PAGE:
By Merrill Stein
Information about the U.S. Census can be obtained at https://2020census.gov. Beginning on March 12, 2020, you’ll be invited to respond to the 2020 Census. You can return to my2020census.gov to complete your questionnaire. To help you answer the census, the US Census Bureau provides translated web pages and guides in 59 non-English languages, including American Sign Language, as well as guides in braille and large print.
Be counted — Join the conversation!
- By phone: Get assistance or respond by phone, starting March 9.
- Online: Respond online at my2020census.gov, starting March 12.
- By mail: Households will receive a paper questionnaire April 8–16.
- At home: Census takers will visit households in person, beginning May 13.
What is the importance of census data? The 2020 Census will determine congressional representation, inform hundreds of billions in federal funding, and provide data that will impact communities for the next decade.
Shape your future, impact your community. The results of the 2020 Census will help determine how hundreds of billions of dollars in federal funding flow into communities every year for the next decade. That funding shapes many different aspects of every community, no matter the size, no matter the location.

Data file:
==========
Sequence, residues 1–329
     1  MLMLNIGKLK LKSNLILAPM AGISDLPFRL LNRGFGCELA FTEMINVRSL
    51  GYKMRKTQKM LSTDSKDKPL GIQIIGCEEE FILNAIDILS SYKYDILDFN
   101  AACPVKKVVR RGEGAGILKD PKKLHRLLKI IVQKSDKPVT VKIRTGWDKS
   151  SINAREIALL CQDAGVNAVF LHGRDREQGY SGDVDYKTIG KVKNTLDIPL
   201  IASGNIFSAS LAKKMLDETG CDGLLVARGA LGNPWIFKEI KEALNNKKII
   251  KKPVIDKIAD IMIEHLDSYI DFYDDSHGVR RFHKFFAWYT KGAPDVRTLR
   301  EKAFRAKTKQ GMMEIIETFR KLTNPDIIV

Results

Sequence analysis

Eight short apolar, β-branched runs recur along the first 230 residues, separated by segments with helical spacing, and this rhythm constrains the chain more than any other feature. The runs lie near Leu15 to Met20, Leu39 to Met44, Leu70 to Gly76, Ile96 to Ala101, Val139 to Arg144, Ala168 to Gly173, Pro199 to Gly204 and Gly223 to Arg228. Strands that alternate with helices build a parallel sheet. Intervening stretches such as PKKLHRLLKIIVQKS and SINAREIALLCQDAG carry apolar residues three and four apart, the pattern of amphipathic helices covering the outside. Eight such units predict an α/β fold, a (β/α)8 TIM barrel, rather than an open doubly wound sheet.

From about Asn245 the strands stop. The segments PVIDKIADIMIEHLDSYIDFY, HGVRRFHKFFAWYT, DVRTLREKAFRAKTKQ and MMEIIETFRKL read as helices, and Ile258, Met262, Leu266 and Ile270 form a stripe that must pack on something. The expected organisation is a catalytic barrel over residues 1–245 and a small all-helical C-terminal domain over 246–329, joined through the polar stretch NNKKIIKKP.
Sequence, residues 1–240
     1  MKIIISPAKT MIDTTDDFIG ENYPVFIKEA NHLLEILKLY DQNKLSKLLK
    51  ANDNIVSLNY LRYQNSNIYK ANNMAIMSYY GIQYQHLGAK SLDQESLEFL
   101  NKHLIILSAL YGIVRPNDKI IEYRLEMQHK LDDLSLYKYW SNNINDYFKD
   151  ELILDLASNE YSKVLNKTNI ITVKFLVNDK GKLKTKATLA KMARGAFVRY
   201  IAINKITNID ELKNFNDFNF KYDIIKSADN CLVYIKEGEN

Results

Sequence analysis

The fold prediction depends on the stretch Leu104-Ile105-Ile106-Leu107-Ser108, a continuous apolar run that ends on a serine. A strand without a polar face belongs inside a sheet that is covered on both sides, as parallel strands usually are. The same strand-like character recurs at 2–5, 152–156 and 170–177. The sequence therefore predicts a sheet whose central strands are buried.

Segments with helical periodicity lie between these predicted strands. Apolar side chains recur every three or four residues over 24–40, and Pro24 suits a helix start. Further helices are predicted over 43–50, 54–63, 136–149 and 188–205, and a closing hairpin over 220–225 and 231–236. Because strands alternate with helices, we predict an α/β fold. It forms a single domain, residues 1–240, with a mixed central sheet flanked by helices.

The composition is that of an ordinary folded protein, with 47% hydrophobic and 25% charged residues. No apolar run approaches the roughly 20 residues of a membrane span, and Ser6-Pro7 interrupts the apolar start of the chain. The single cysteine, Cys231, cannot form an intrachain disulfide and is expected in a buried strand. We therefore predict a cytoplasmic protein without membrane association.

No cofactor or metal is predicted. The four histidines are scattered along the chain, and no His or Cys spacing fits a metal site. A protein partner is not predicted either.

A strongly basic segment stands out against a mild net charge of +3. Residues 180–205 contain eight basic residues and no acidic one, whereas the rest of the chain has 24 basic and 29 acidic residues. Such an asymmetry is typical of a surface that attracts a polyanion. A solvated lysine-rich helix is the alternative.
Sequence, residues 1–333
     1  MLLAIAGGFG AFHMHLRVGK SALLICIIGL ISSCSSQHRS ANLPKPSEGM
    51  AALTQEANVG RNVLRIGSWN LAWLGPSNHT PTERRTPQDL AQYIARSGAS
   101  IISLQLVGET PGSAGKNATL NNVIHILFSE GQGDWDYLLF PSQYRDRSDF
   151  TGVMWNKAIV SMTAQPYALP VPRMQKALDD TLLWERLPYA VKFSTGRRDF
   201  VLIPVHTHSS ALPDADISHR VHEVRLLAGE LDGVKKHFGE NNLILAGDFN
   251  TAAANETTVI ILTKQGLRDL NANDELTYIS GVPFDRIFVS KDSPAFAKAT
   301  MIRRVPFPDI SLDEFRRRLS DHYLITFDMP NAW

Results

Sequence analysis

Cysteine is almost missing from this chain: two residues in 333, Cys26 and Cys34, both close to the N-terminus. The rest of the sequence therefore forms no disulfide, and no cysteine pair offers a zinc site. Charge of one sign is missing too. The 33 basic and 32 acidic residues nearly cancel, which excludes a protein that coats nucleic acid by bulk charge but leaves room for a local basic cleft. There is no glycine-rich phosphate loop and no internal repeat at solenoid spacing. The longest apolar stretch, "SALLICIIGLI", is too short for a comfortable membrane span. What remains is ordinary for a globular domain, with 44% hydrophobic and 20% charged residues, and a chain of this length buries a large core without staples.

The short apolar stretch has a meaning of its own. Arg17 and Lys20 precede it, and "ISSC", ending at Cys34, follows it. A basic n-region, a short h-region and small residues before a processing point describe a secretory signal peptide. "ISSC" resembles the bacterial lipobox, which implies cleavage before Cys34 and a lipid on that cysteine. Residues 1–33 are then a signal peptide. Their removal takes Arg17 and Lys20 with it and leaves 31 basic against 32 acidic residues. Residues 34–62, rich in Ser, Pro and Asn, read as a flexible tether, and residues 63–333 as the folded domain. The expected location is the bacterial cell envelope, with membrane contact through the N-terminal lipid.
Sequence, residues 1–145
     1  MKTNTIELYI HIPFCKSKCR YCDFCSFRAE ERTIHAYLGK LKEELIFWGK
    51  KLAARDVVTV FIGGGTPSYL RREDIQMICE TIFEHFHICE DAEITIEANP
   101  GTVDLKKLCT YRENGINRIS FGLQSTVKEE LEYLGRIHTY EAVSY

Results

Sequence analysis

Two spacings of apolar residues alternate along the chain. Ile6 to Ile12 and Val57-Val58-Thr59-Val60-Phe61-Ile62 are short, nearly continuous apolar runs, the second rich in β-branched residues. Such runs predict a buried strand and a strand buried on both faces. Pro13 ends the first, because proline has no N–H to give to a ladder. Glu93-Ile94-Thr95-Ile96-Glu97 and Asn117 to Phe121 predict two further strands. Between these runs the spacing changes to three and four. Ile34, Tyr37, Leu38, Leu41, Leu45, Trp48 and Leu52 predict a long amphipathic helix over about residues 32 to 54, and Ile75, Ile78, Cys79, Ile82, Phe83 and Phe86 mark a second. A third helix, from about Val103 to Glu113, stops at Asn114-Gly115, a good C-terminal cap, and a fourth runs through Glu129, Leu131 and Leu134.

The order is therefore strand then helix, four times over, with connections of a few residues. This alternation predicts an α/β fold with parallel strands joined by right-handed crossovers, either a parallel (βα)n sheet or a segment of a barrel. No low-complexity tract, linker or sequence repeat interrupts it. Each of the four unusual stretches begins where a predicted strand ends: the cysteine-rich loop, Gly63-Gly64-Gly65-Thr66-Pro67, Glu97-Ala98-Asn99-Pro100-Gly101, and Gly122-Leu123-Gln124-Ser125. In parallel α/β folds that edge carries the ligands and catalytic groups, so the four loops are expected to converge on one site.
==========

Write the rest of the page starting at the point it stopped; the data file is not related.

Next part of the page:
Regional Census centers are available to help. Contact your regional census center to speak with U.S. Census Bureau staff in your area. Regional staff can help you verify the identity of a local census taker or connect you with your partnership specialist.
Want to dig deeper?
- Examine What Census Calls Us: A Historical Timeline from the Pew Research Center.
- See some of your faculty address topics about the census in a YouTube video panel presented Oct. 23, 2019, at Falvey Library.
- Censusin SAGE Encyclopedia of Lifespan Human Development
- Review a History of the Censusin Multicultural America: A Multimedia Encyclopedia
- Encyclopedia of the U.S. census: from the constitution to the American community survey
- Census 2020: examining the readiness of key aspects of the Census Bureau’s 2020 census preparation: hearing before the Committee on Oversight and Government Reform, House of Representatives, One Hundred Fourteenth Congress, second session, June 9, 2016
- Social Explorer (Falvey Library database)
- Data-Planet (Sage) (Falvey Library database)
- ESRI Tapestry Segmentation. Explore Your Neighborhood
- AncestryLibrary (ProQuest) (Falvey Library database)
- PolicyMap (Falvey Library database)
- Census Bureau Genealogy
- National Historical Geographic Information System (NHGIS)– The IPUMS National Historical Geographic Information System (NHGIS) provides free online access to summary statistics and GIS boundary files for U.S. censuses and other nationwide surveys from 1790 through the present. (Using NHGIS: An Introduction)
- Longitudinal Tract Database